Body of French hostage 'found in northern Mali'

Photo: AFP

The body of French hostage Philippe Verdon (pictured) appears to have been found in northern Mali, the French foreign ministry said on Sunday.


A body found in northern Mali is likely to be that of French geologist Philippe Verdon, who was taken hostage in November 2011, France's Foreign Ministry said on Sunday.

President François Hollande had said in his Bastille Day speech on Sunday that it was possible Verdon had died several weeks ago but his death was not officially confirmed.

"There is a very strong chance that the body found recently in northern Mali is unfortunately that of our compatriot Philippe Verdon," the Foreign Ministry said in a statement, adding that further checks were being made.

Citing an unnamed source, FRANCE 24’s sister station Radio France Internationale said on Sunday that DNA checks had shown that the body found in the north of Mali was that of Verdon and that his body would be repatriated to France within days.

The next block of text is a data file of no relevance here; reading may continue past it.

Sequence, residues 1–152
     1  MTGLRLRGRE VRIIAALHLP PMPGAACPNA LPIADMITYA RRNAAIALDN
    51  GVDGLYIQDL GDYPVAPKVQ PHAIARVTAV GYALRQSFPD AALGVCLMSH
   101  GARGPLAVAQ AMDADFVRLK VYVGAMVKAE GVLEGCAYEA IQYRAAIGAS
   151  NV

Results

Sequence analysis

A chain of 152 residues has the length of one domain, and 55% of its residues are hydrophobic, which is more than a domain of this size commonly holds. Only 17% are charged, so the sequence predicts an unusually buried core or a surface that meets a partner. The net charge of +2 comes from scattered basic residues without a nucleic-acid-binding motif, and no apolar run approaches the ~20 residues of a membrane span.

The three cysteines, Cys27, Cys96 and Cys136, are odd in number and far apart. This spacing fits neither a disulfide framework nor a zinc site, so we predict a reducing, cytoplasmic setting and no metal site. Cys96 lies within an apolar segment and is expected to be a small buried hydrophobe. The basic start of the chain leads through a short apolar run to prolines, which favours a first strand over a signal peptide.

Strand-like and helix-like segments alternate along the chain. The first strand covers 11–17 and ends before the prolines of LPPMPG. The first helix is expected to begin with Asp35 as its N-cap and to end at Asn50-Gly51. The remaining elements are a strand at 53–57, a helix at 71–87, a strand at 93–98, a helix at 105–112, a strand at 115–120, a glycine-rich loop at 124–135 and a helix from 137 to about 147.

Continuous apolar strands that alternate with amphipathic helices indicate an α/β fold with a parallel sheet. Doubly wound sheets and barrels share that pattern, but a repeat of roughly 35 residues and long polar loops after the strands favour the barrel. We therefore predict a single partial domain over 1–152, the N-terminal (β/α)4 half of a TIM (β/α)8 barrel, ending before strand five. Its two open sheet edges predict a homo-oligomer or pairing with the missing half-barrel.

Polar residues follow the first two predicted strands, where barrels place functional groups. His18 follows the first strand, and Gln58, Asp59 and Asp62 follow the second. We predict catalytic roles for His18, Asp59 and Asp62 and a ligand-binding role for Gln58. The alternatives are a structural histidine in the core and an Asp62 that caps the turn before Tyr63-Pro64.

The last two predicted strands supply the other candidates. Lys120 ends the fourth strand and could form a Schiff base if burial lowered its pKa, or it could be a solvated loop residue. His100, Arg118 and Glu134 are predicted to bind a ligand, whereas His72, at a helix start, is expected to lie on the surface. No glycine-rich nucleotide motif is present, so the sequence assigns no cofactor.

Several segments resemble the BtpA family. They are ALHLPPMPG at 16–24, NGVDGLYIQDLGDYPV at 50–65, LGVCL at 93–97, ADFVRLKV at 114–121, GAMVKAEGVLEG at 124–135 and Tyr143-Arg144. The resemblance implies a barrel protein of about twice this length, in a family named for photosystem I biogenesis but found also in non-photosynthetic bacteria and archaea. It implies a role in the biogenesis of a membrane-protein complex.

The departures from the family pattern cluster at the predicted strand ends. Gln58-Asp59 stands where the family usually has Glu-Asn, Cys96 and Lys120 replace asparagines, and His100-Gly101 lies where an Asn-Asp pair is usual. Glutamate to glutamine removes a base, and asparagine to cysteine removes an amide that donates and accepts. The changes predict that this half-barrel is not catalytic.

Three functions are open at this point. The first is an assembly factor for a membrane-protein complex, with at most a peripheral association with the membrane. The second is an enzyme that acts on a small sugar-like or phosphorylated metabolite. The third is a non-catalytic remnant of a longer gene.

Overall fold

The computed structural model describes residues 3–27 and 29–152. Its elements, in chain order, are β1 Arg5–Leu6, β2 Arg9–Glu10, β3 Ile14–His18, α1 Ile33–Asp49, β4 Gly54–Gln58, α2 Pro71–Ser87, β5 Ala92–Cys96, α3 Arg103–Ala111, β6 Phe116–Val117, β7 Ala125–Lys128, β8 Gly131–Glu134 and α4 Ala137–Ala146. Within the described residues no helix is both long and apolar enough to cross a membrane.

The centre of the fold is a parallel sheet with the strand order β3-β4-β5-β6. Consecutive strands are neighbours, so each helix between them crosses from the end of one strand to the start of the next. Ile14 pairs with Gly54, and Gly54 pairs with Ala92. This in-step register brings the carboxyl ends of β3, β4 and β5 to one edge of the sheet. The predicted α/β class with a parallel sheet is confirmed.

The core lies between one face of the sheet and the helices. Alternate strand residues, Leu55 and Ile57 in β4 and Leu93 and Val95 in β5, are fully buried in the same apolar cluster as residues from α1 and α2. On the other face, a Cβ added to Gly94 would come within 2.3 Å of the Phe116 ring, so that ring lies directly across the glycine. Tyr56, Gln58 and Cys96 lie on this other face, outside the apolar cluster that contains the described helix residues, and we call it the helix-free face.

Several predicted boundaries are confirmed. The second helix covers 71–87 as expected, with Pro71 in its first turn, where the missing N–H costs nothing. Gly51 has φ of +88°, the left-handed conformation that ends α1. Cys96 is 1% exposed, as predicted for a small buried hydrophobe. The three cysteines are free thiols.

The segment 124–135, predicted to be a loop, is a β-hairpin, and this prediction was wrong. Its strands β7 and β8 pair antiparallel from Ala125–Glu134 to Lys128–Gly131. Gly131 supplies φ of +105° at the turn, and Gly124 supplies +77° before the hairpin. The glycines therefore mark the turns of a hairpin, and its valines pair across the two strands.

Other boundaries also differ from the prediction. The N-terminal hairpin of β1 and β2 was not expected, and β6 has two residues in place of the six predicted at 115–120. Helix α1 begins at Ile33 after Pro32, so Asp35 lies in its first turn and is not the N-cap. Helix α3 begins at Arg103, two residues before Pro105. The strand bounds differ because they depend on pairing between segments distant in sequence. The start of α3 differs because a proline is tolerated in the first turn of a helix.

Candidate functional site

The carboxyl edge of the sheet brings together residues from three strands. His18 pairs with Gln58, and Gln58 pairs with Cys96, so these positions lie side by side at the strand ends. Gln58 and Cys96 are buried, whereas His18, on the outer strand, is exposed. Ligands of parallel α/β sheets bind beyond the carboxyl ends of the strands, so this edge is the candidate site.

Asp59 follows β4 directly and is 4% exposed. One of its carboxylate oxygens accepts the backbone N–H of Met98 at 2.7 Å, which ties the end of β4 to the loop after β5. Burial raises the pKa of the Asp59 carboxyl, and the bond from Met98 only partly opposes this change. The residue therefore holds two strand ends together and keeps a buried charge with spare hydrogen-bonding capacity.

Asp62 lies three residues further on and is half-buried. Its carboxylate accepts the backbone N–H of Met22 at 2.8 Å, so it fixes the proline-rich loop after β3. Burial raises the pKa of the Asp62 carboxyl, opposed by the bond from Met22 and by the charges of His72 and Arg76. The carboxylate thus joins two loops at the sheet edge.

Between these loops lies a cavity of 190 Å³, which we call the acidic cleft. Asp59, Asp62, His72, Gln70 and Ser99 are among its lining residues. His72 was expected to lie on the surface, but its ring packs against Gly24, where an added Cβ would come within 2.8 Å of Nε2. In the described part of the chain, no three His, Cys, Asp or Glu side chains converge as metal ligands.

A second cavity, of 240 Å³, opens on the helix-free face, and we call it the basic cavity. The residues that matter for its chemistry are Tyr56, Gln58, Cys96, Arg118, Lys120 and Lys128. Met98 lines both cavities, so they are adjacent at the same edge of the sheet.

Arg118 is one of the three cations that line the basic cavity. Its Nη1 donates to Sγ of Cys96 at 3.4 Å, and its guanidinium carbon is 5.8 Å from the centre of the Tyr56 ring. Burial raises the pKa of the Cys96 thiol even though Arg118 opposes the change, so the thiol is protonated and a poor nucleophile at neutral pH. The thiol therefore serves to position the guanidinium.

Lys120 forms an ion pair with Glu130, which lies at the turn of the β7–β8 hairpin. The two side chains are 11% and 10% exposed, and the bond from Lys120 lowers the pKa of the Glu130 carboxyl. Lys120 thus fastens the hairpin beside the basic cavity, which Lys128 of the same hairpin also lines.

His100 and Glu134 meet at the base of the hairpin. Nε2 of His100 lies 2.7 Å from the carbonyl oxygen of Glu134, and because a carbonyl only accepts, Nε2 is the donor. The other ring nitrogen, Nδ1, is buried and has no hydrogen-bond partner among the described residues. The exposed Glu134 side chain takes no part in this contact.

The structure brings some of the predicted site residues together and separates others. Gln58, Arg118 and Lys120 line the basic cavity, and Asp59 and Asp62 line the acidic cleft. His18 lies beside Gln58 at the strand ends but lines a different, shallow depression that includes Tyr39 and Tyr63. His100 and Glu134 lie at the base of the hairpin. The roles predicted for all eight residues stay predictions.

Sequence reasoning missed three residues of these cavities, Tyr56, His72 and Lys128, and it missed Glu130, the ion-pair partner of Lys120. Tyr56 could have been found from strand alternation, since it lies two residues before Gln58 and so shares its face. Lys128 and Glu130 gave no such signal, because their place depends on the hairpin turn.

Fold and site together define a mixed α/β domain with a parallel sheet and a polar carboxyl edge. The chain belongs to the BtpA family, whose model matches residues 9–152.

Al Qaeda's arm in the Islamic Maghreb (AQIM) in March said it had beheaded Verdon in response to France's military intervention in Mali.

AQIM is currently holding hostage eight Europeans, including five French nationals.
Thierry Dol, Daniel Larribe, Pierre Legrand and Marc Feret – mostly working for French public nuclear giant Areva and its subcontractor Satom – were kidnapped in Niger by al Qaeda-linked militants on September 16, 2010.

Francoise Larribe, the wife of Daniel Larribe, was also captured but was released in 2011.

The fifth French hostage, Serge Lazarevic, was kidnapped along with Verdon.

AQIM said in late June that the eight Europeans are alive and that it would soon release a new video of the five Frenchmen.

(FRANCE 24 with wires)


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